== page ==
c) heating the donor support to cause the organic material to transfer to a position on or over the substrate, whereby a layer of organic material is formed on the substrate.

Advantages

Advantages of this technique are: excellent utilization of the transferable organic material; excellent uniformity of the layer over a large area; precise control of the layer thickness; conformal deposition; high deposition rate; reduced time at the transfer temperature of the transferable material; compact reduced pressure system for large area deposition; lower maintenance deposition chamber; capability of multilayer deposition from a single donor support source; scalability to large-area deposition; continuous feed of transferable material; and minimal control for a deposition process that does not require deposition monitoring or a complex shutter arrangement.

Briefly described, the present invention discloses a simple vapor deposition method for the production of thin organic layers on a flat substrate with excellent uniformity. A feature of this method is to provide a coating of an organic material on a donor support as the physical vapor deposition source. By positioning the support and the substrate in transferable relationship, the organic material previously coated on the support is thermally transferred from the donor support to form a uniform layer on or over the substrate. The thickness and uniformity of the deposited layer is therefore determined by the donor coating on the donor support and the degree of transfer of the donor from the support to the substrate.

In practice, the donor support is first provided with a transferable coating of an organic donor material thereon by a suitable process. Examples of suitable methods for coating the support include solution coating, meniscus coating, dip coating, spraying, screen printing, and roll-to-roll-coating in a vacuum chamber. These methods are specifically designed to produce a uniform coating of a precise thickness on a donor support which may be a sheet, a foil or a flexible web. Using any one of these methods, a support coated with a predetermined thickness of the desired transferable organic donor material can be readily prepared in large quantity. For organic light emitting devices, a preferred method for the preparation of a donor coating on a flexible donor web support is the roll-to-roll vacuum coating because the coating thickness and uniformly on the web can be precisely controlled with an accuracy of better than a few percent.

When desired, an aperture mask is positioned adjacent to the substrate on which a layer is to be formed. The aperture mask is oriented with respect to features or orientation marks on the substrate. The donor support is positioned in a transferable relationship with the substrate. The transfer of the organic donor material from the coating on the donor support to the substrate is then carried out by a thermal process in which the organic material is transferred in an environment of reduced pressure to form a layer of organic material on the substrate.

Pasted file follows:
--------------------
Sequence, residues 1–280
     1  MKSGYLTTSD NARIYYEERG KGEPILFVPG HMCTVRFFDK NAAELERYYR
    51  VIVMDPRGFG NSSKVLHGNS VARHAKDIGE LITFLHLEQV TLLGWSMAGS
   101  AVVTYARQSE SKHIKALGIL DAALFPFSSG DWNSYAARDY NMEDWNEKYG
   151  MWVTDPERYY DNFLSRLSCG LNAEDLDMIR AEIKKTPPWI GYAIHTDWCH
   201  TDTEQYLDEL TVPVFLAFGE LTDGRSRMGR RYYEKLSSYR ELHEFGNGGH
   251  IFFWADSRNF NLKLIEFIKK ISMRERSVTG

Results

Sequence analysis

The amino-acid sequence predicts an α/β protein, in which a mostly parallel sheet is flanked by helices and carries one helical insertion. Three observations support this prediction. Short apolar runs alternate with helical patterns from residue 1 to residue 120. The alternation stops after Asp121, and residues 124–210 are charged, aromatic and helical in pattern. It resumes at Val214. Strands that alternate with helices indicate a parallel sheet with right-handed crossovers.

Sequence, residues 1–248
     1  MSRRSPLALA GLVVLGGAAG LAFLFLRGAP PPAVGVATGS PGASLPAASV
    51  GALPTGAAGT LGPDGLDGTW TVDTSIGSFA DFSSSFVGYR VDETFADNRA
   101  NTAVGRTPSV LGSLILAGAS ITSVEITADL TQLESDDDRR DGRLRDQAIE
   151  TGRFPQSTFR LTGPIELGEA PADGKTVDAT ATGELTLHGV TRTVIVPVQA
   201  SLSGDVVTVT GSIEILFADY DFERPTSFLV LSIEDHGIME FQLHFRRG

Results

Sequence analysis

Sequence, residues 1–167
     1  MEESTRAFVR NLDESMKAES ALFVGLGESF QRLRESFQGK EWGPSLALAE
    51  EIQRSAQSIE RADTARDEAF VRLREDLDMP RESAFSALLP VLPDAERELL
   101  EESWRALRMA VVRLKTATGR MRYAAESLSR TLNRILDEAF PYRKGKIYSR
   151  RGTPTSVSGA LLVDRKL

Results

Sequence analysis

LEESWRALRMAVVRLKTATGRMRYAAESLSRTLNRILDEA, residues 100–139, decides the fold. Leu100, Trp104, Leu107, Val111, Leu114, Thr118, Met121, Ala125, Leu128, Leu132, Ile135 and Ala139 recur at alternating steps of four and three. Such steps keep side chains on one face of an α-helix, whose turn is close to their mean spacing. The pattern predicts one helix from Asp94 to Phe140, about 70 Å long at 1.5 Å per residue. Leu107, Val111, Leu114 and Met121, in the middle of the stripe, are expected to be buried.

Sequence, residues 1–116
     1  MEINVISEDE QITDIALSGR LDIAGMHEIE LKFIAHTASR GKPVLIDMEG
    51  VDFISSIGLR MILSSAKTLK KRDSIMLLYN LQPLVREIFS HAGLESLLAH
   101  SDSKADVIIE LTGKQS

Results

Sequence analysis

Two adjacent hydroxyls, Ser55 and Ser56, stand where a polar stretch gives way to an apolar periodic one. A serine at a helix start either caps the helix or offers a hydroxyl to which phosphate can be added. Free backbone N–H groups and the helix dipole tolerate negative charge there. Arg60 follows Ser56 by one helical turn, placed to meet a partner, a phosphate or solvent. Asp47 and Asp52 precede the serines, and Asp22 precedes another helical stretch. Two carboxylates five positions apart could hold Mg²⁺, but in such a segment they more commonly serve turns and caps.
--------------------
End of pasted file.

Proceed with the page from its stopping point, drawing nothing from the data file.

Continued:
BRIEF DESCRIPTION OF THE DRAWINGS

FIG. 1 shows schematically a prior art arrangement for depositing organic layers useful in organic light emitting devices;

FIG. 2A shows, in schematic form, an arrangement for depositing organic layers in light emitting devices by radiant heating of a donor support in accordance with the present invention;

FIG. 2B depicts, in schematic form, an arrangement for depositing organic layers in light emitting devices by Joule heating of a conductive donor support in accordance with the present invention; and

FIG. 3 shows, as an illustrative example, an aperture mask in plan view with a plurality of apertures and orientation marks.

It will be understood that the drawings are not to scale and have been shown for clarity of illustration.

DETAILED DESCRIPTION OF THE PREFERRED EMBODIMENTS

Turning now to FIG. 2A, which shows a specific arrangement for practice of the method in accordance with the present invention. There are provided a donor supply roll 30 and a donor return roll 32 which carry a flexible donor support 24 having a donor coating 23 of organic material. The donor support 24 is advanced from the supply roll 30 and is driven over a spindle 34 and another spindle 36 to the donor return roll 32. In a position between the spindles 34 and 36 is where the coating of organic donor material 23 is transferred from the support 24 to a light emitting device substrate 10. The light emitting device substrate 10 can have suitably patterned electrically conductive regions (not shown) and previously formed organic layers (not shown) on and over the surface facing the donor coating 23. If desired, an aperture mask 12 depicted here with an aperture dimension A, is positioned adjacent to the substrate surface and provided with features or orientation marks (not shown) for alignment registration on the substrate. The aperture mask 12 may have a plurality of apertures, each of which serves to delineate an area on the substrate where an organic layer is to be formed. When an unused portion of the donor coating 23 is positioned approximately between the spindles 34 and 36, and is spaced from the substrate by a distance D, the donor coating is in a transferable relationship with the substrate. Heating elements 25 are provided on the backside of the donor support at the donor transfer position.